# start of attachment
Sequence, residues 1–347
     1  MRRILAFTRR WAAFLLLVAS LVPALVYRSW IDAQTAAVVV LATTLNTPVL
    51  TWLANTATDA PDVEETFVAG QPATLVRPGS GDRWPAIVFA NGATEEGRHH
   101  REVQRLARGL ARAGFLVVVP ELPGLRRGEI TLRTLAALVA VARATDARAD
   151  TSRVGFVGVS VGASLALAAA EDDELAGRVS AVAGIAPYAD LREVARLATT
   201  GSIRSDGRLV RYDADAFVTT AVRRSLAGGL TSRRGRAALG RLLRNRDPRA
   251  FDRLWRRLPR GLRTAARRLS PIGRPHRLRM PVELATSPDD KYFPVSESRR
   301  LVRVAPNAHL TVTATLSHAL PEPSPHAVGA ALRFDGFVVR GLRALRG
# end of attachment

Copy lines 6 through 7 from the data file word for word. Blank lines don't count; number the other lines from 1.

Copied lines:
   201  GSIRSDGRLV RYDADAFVTT AVRRSLAGGL TSRRGRAALG RLLRNRDPRA
   251  FDRLWRRLPR GLRTAARRLS PIGRPHRLRM PVELATSPDD KYFPVSESRR